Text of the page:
Several schools with dedicated, loving teachers avoided any allegations of abuse, Rochford wrote. But severe sexual and physical abuse was common at the gurukulas, as Krishna boarding schools are called, in India, where many American adherents sent their adolescent boys. When children tried to send letters home sharing their misery, some schools in India censored the letters, Rochford said. The highest levels of abuse in American gurukulas were reported in Dallas, Seattle and New Vrindaban, W.Va.
In 1997, the movement established a Child Protection Office in Alachua, Fla., the site of one of the most thriving Krishna communities remaining. The office helps Krishna temple leaders identify and prevent further abuse, investigates cases of past abuse, and reports them to local law-enforcement authorities.
There have been several lawsuits arising from child abuse cases at Krishna schools in Alachua and in New Vrindaban, W.Va., but they do not approach the number or scope of such cases brought against the Roman Catholic Church, which recently paid $30 million to settle a case of sexual abuse by a clergyman against several boys in Dallas.
"There have been a surprising lack of suits up until now," Rochford said, "for reasons I don't fullyunderstand."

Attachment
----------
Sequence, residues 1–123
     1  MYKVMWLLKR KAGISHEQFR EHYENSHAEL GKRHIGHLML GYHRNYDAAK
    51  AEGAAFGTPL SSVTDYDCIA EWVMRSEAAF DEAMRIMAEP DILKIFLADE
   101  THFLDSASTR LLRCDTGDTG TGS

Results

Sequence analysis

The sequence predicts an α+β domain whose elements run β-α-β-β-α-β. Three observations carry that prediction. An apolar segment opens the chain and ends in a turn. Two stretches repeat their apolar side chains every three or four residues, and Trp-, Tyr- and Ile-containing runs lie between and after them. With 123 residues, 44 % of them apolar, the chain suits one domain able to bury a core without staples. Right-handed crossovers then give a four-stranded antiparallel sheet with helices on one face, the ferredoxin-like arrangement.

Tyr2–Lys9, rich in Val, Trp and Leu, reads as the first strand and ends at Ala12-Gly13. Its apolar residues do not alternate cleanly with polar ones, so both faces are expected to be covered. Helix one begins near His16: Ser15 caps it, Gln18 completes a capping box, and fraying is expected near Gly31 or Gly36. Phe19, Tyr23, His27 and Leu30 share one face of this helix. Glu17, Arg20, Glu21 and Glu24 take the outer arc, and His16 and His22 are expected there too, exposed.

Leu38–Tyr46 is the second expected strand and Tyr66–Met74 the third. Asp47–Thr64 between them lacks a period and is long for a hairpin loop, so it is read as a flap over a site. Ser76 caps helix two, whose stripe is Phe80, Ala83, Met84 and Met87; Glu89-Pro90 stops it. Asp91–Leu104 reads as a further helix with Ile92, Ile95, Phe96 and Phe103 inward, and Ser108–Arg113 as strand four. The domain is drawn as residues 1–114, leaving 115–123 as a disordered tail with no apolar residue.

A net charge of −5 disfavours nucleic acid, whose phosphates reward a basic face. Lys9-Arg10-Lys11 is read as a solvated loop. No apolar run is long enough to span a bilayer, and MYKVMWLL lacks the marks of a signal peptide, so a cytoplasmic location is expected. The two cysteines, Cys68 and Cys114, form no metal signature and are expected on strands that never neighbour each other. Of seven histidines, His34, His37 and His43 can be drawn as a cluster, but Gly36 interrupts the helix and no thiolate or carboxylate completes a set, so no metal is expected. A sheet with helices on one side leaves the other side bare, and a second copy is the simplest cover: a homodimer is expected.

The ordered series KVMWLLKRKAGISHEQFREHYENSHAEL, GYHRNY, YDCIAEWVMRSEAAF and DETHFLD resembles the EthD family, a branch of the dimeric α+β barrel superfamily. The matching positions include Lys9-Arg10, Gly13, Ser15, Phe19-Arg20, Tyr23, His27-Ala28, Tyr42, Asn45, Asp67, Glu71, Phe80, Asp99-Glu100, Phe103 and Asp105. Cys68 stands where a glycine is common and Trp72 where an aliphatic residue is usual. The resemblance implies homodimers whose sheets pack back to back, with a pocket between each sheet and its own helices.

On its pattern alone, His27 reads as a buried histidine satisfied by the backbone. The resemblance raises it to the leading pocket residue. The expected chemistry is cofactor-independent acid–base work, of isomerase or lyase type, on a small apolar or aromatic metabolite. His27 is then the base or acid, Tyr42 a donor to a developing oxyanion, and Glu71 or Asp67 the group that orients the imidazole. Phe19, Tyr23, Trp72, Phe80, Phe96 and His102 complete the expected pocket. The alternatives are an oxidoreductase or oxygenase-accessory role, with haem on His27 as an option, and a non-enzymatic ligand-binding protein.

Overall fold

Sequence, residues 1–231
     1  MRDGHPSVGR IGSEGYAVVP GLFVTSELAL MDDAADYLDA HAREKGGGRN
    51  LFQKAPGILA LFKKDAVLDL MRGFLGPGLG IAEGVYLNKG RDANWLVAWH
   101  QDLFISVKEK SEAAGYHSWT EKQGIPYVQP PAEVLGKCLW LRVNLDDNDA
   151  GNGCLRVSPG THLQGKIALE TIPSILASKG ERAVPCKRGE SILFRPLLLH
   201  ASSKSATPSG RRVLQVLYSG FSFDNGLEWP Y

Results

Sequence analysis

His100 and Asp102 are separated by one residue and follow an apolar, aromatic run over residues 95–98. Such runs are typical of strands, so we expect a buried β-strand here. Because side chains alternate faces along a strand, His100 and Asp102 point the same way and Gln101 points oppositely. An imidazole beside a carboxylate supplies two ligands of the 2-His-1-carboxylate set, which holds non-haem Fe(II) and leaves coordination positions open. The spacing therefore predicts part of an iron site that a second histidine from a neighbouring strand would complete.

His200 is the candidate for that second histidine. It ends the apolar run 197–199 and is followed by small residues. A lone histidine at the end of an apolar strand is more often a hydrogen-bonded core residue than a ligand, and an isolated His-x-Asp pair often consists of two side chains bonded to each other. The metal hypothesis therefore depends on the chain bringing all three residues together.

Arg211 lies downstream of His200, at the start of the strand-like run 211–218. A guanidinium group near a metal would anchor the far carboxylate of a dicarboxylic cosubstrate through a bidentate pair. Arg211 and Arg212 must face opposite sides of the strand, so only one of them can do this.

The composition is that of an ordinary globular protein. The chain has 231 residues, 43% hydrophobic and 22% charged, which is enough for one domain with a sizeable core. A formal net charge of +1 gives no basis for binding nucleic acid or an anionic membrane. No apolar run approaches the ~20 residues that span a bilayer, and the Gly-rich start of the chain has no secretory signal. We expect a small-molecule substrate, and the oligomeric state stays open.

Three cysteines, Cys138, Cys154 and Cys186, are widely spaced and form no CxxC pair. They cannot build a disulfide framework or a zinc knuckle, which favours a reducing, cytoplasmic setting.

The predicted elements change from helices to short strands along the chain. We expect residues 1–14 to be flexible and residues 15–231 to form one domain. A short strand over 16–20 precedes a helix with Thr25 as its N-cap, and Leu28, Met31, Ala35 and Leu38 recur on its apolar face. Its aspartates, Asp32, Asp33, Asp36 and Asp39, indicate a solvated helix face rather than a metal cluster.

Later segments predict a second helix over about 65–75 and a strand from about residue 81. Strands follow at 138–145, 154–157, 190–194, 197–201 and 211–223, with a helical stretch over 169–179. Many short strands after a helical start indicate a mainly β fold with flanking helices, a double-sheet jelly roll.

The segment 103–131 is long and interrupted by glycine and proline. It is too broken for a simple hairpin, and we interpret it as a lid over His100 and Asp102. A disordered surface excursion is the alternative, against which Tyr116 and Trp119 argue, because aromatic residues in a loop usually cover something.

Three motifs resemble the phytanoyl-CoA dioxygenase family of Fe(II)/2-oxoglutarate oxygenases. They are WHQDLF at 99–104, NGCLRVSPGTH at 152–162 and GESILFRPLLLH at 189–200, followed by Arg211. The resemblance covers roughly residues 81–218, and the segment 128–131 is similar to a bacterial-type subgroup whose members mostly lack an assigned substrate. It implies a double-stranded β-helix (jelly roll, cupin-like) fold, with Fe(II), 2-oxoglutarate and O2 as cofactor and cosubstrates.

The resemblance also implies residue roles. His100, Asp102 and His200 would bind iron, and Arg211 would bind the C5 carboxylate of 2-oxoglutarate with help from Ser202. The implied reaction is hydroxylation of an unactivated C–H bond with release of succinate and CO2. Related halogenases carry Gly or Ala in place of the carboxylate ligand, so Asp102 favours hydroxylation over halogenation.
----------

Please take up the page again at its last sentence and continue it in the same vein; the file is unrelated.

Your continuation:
The editor of the ISKCON Communications Journal asked Rochford to write an article chronicling the history and causes of abuse at Krishna boarding schools.
"I think it's highly unusual," Rochford said in an interview. "I was surprised that I was asked to do the article, and I had some reservations about doing it in an ISKCON journal. After so many years studying the movement, I knew this was going to be painful for people to endure."
The reasons for the abuse lay in the very culture and structure of the early Krishna movement, Rochford said in his article. The movement drew very young devotees, many in their late teens and early 20s. Those who were not successful proselytizing and collecting contributions on the street were put to work in the movement's boarding schools. There was no screening of teacher candidates, no training, little financial support, high turnover and often as many as 20 students per teacher, the article reported.